A patient who thought he was suffering from an aneurysm was found to have an acupuncture needle embedded inside his brain.
Scans revealed the half-inch-long, “golden-colored” and “slightly pointed” needle lodged inside an artery inside the 74-year-old’s brain.
It was causing internal bleeding that was leaving him with memory problems, which rushed him to the hospital.
His family said the needle had probably been there for two decades because they only remembered that he had undergone acupuncture in the early 2000s for a persistent migraine.
The needle was removed through surgery that involved opening the skull. The man, from Sichuan, China, survived but died three weeks later after suffering a lung infection.
This 74-year-old man from Sichuan, China, went to the doctor with an acupuncture needle embedded in his brain behind his right eye (pictured). This view shows the bottom of the skull that has been turned so that the needle appears on the left side.
The photo above shows the part of the acupuncture needle that was removed during surgery. The family said it had been lodged in his brain for two decades.
Acupuncture is a traditional Chinese medical practice that involves inserting hundreds of small needles into specific points on the body to stimulate energy, known as qi, pronounced “chee.”
Acupuncturists say the method can help relieve pain, reduce stress and even aid joint recovery by helping to stimulate nerves and blood flow in the areas receiving treatment.
But the scientific evidence on the method is inconclusive, and only a few studies suggest that acupuncture benefits patients.
The small needle inside the man was found in an artery that runs through the brain behind the right eye, called the right middle cerebral artery.
It was suggested that the needle may have broken during an acupuncture treatment and then been carried into the artery behind the eye.
It was not clear what caused the break, but this could be related to a fall, a strong impact to the head or due to the needle’s position changing in the skull.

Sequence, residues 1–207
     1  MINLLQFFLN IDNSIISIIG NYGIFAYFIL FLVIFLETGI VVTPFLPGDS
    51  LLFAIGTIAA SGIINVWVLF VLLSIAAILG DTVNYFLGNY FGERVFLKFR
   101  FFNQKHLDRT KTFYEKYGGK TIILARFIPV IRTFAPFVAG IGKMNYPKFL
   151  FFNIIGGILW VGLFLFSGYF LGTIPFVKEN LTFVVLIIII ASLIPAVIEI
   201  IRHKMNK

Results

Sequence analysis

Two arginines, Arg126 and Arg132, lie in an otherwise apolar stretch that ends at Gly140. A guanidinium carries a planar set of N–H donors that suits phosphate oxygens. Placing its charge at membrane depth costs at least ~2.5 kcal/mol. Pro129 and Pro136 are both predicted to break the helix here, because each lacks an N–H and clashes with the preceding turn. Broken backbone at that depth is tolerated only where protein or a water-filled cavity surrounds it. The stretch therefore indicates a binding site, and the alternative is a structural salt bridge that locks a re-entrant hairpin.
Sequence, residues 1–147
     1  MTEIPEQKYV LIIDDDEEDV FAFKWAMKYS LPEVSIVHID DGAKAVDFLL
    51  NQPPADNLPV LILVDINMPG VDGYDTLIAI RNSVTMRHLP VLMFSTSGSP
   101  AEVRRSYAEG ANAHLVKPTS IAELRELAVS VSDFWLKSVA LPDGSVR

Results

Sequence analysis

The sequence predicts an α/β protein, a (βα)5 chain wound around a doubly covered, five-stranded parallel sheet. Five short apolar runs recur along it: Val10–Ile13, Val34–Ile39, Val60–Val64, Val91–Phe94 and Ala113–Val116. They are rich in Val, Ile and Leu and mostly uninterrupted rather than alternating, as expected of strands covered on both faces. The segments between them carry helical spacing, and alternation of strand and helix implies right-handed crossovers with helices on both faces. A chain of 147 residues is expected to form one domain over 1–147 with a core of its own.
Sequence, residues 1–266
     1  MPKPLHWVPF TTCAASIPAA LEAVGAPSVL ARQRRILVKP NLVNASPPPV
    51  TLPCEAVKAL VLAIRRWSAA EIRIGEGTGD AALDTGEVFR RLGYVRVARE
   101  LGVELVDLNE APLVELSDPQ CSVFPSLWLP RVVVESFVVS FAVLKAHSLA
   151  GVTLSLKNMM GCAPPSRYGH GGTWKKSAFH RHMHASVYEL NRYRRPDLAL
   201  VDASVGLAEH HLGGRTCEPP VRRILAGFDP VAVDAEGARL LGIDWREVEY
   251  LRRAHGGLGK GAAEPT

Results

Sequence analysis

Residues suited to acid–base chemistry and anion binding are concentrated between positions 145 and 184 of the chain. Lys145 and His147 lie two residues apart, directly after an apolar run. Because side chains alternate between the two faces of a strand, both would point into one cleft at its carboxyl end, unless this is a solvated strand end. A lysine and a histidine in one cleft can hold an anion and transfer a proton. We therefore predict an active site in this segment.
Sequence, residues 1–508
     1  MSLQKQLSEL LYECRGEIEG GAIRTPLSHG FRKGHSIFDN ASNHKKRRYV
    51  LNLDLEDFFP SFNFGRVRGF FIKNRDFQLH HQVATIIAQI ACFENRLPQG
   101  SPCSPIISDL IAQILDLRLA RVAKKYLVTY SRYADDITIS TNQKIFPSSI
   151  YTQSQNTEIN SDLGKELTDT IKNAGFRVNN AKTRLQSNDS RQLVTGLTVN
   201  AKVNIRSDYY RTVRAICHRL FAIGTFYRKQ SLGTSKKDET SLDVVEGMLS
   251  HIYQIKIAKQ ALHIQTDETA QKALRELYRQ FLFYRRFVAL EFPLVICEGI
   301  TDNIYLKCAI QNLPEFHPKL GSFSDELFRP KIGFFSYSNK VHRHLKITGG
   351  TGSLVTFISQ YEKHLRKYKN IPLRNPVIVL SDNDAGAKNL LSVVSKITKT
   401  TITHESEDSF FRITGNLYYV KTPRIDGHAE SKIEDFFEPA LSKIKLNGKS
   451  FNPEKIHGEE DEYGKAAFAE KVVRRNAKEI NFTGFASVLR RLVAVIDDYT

The man was rushed to the doctor within an hour after his memory problems emerged, and the family initially feared he suffered an aneurysm.
But scans revealed the needle in his brain and bleeding.
To remove the needle, doctors first had to cut a portion of his skull (in a procedure called craniotomy) to access his brain.
They then cut away the dura mater, or the thick outer layer of the brain, and used a surgical microscope to navigate through the brain to the needle, avoiding vital arteries and structures.
The needle was then removed and the broken blood vessel was closed using a very small metal clip to close the broken part of the vessel.
After surgery, the man initially recovered well and was taken off the ventilator ten days later.
But he then developed a lung infection while in hospital and died three weeks after surgery.
Doctors said the infection may have been related to his loss of consciousness during the operation, which turns off the body’s natural defenses against lung infections such as coughing or the gag reflex.
Doctors diagnosed the man with an intracranial pseudoaneurysm, which occurs when blood leaks from a vessel in the brain but is held in place by surrounding tissue.
They differ from a true aneurysm, which occurs when the wall of a vessel weakens and swells as blood pools inside.
Pseudoaneurysms are extremely rare and account for less than five percent of all arterial punctures.
Doctors said this case was the first recorded in medical literature of a man who suffered a pseudoaneurysm caused by an acupuncture needle.
Previous cases have been caused by infections that damage arteries in the brain, as well as head trauma or sudden impacts to the head.
The case was revealed in Medical Case Report Magazine.
In the article led by Dr. Qiang Li, a neurosurgeon at the Hospital of Southwest China Medical University, the authors said: “Foreign body-induced intracranial pseudoaneurysms represent a difficult and rare entity… requiring diagnosis and intervention rapid”.
“The rarity of these events underscores the critical importance of maintaining a high index of suspicion, particularly in cases involving recent medical trauma or craniocerebral injuries.”